Finally got a little time to spend in front of a screen and write a little bit about strapping 6" fuel hose, which is one of the things I've been working on this week. When you're in Antarctica, pretty much anything that you put on the surface of the snow will change the way the wind moves snow in that area, which will then create snow drifts. Since our fuel hose sits on the surface of the snow, it eventually drifts and would get buried if we didn't do something about it. So, a few times per season we will 'strap' the hose, which basically means pull the hose out of the snow and put it back down on the surface. We accomplish this by wrapping a big tow strap around the hose, hooking that to some sort of vehicle (in recent years, it's been a Pisten Bully, but before that it was either a Spryte or a beefy snowmobile,) then very very carefully driving along beside the hose dragging it a foot or so to the side. We have to be super careful since the fuel line is full of fuel -1.5 gallons for every foot of hose- and if we ran over the hose, it would likely rupture and cause a fuel spill. There are also connections along the way to contend with, drifts of snow that have to be dug out, curves, slack, and several other little issues. Overall, the process is a lot of fun, but it does require quite a lot of care, concentration, and hard work. Here are a couple pictures of what the process looks like:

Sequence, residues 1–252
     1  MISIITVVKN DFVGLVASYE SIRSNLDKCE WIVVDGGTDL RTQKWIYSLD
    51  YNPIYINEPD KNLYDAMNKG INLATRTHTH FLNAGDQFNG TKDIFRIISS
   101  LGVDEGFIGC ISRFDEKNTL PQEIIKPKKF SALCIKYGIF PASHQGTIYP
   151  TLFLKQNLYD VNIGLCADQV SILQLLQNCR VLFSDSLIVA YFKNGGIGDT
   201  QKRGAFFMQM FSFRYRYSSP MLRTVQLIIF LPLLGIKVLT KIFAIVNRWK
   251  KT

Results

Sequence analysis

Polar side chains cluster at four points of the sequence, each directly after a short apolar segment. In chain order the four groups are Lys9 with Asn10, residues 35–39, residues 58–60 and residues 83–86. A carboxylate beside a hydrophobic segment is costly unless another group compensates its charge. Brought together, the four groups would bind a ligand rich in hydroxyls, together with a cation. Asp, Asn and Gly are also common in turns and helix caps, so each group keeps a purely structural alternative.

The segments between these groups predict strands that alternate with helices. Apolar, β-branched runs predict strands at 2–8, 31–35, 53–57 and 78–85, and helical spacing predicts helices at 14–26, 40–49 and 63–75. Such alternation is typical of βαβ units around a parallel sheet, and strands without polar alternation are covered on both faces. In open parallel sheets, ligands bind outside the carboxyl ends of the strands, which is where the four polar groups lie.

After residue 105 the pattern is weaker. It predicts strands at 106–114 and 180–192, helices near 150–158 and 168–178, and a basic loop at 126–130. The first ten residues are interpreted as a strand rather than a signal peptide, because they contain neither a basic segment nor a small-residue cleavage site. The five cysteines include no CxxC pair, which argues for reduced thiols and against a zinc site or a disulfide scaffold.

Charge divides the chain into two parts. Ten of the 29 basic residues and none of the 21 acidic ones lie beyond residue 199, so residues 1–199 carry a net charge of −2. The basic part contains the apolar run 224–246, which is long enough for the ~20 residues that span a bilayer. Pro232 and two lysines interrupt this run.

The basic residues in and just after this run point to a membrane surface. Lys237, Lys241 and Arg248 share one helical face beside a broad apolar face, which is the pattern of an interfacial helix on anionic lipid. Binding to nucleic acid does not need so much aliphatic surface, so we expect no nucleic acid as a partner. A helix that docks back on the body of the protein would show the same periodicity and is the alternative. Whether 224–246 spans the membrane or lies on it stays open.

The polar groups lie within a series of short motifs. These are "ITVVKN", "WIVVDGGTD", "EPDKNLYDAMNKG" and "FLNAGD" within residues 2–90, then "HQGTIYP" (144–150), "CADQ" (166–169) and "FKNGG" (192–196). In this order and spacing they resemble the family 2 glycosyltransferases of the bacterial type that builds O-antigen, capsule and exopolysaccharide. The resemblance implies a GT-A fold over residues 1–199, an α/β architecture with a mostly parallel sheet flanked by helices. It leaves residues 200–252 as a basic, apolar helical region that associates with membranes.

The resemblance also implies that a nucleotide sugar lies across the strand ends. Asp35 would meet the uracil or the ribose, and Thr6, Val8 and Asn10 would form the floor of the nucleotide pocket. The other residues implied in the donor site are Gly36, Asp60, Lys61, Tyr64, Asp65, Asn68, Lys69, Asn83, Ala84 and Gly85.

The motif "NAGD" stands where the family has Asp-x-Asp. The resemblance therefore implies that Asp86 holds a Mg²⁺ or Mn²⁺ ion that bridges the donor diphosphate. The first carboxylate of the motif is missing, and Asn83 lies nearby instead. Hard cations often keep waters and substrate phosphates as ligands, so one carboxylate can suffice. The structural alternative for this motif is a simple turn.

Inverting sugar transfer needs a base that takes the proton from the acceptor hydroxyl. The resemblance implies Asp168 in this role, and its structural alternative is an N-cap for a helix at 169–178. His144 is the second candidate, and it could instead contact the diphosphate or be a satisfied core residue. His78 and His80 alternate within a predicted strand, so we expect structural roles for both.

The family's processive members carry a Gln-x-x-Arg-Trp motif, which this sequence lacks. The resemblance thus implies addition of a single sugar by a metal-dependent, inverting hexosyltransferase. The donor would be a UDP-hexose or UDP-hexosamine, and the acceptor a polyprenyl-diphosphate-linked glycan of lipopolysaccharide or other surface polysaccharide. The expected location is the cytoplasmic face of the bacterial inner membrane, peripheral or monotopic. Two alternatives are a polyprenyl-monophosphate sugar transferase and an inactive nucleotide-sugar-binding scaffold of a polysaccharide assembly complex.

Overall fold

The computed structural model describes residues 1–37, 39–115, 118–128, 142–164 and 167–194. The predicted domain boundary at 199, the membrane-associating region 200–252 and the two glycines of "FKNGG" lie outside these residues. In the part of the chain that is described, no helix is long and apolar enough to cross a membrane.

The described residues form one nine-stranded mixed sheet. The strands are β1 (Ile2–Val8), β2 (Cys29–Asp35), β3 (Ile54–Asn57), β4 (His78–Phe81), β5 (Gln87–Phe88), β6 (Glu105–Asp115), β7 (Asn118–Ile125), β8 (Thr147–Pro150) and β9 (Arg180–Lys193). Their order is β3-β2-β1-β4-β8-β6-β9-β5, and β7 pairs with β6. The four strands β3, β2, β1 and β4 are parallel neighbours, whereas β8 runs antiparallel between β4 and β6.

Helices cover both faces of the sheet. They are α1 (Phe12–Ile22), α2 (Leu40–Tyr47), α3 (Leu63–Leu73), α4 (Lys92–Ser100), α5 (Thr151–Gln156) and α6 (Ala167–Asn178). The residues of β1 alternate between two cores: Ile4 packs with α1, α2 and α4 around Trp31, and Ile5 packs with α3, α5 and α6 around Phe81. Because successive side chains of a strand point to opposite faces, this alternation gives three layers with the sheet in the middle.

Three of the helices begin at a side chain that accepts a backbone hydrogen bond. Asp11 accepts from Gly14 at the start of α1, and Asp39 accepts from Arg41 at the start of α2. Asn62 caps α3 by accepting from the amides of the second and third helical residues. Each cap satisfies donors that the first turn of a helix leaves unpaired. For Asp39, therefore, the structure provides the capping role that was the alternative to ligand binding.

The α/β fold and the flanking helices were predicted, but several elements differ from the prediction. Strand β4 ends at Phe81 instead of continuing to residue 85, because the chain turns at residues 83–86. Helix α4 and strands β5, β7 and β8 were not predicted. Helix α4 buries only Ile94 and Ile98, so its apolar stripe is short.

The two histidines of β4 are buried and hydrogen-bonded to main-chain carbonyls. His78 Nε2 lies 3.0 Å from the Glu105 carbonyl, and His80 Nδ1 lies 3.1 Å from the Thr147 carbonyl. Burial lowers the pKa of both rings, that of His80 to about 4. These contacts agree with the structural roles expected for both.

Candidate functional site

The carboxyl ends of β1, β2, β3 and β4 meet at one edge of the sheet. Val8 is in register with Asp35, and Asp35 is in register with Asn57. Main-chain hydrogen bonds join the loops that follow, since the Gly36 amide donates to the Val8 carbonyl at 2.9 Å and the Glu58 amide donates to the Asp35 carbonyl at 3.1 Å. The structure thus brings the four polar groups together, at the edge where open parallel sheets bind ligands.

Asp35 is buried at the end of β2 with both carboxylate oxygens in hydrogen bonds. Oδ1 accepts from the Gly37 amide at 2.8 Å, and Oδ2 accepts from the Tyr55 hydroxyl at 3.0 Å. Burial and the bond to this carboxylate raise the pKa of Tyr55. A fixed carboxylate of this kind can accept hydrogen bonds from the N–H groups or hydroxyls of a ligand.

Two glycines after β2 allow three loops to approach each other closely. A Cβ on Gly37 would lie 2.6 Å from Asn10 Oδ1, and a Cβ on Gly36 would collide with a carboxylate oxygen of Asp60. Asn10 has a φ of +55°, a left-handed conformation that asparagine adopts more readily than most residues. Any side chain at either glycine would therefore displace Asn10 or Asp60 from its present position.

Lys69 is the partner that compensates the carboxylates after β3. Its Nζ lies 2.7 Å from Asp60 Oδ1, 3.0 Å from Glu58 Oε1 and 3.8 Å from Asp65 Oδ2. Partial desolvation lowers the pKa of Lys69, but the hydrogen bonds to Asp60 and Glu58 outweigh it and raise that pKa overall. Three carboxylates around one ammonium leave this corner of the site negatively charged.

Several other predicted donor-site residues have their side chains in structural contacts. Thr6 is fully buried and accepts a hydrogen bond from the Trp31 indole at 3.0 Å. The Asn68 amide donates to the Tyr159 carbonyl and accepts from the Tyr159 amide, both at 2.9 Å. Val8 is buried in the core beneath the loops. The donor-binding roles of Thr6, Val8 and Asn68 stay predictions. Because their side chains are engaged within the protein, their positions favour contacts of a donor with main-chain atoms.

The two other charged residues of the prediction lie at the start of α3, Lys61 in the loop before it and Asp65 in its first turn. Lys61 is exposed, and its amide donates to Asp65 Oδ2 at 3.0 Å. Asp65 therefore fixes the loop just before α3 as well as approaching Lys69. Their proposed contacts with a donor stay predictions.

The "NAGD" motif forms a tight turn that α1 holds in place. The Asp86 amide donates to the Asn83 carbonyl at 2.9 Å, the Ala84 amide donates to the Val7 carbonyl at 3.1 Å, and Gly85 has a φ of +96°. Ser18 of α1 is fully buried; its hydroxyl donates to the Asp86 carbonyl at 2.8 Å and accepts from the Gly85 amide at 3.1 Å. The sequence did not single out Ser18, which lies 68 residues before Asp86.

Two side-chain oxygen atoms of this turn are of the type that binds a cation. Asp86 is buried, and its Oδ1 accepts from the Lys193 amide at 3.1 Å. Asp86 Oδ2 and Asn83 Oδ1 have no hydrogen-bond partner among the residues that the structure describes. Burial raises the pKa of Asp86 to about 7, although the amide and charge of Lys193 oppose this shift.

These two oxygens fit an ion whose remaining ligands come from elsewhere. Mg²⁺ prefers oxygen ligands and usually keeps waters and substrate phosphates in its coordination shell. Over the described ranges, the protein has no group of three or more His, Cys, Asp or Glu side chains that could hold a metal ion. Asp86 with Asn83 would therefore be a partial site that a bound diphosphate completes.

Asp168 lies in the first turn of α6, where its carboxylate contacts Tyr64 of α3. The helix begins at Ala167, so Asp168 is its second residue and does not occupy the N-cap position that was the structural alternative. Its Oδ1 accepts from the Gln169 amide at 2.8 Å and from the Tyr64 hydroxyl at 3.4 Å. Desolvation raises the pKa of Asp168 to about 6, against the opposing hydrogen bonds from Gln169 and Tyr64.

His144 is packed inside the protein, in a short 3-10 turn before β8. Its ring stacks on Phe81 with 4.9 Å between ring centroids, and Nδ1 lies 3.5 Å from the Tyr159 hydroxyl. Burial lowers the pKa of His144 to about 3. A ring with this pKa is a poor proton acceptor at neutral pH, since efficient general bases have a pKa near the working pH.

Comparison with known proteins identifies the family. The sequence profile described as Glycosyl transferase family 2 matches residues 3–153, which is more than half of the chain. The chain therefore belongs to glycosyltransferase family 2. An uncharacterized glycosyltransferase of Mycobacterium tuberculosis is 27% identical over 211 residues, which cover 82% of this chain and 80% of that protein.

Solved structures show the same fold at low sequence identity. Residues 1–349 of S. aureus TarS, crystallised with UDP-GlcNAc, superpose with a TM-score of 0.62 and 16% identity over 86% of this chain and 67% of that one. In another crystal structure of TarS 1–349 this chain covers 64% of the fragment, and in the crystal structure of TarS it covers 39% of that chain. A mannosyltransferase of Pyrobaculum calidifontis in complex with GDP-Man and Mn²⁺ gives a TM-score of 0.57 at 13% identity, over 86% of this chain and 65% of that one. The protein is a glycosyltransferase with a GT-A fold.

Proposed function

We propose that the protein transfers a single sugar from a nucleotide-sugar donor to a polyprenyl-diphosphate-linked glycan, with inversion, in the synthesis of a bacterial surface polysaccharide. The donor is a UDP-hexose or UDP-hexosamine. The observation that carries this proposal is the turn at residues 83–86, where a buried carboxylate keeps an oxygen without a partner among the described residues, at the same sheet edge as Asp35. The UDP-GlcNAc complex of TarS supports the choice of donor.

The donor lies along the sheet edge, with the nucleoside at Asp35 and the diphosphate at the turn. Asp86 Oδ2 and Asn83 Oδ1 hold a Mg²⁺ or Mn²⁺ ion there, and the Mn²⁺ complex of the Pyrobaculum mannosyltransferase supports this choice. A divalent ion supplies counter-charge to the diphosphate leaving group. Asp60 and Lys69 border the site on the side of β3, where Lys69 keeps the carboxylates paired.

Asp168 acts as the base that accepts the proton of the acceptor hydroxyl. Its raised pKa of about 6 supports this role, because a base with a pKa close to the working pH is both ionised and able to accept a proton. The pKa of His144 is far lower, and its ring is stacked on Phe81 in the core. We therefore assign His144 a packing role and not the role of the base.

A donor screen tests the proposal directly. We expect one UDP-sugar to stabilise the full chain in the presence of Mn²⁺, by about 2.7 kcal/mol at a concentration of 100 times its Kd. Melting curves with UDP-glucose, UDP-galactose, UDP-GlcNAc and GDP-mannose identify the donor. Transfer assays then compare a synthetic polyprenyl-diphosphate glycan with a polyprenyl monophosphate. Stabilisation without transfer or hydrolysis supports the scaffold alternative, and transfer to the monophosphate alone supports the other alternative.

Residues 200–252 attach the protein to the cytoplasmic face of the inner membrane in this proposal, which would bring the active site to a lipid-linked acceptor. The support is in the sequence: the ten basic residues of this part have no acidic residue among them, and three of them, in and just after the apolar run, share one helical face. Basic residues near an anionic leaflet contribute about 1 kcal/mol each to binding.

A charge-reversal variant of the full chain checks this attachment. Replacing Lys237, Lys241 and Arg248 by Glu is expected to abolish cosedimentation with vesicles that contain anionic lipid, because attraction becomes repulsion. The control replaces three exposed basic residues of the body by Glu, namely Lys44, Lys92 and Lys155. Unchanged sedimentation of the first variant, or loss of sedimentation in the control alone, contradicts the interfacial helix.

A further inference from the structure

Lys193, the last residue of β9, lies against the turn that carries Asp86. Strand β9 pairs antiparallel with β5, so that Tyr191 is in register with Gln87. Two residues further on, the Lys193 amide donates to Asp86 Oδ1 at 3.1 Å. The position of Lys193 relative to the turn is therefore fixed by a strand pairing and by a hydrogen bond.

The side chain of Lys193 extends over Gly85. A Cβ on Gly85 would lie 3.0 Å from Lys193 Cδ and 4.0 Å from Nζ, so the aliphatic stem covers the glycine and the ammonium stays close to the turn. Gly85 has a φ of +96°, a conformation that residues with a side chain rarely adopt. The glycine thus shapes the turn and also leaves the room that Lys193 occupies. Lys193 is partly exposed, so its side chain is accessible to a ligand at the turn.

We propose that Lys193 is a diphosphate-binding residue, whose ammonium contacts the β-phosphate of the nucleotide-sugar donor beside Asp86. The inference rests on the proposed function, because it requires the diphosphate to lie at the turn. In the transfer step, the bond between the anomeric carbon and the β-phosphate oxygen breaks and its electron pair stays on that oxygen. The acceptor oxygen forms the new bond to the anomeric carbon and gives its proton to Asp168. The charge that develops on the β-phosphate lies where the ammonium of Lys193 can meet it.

Also been working on lots of other fuels stuff. We had our last two flights arrive at the ice runway late last night and leave this morning. The runway and roads in the area are getting covered over with melt pools, which are basically puddles on the surface of the sea ice. The ice itself is still pretty strong, it holds up C130s, but it is a bit spooky to know that you're driving on a layer of ice above a bunch of very cold water and then hit a puddle. I've also done a little more woodworking stuff, some fuel transfers, and other random tasks lately. The station is getting geared up for Christmas, complete with decorations on the telephone poles and garland inside buildings. Looking forward to having an extra day off! That's all for now.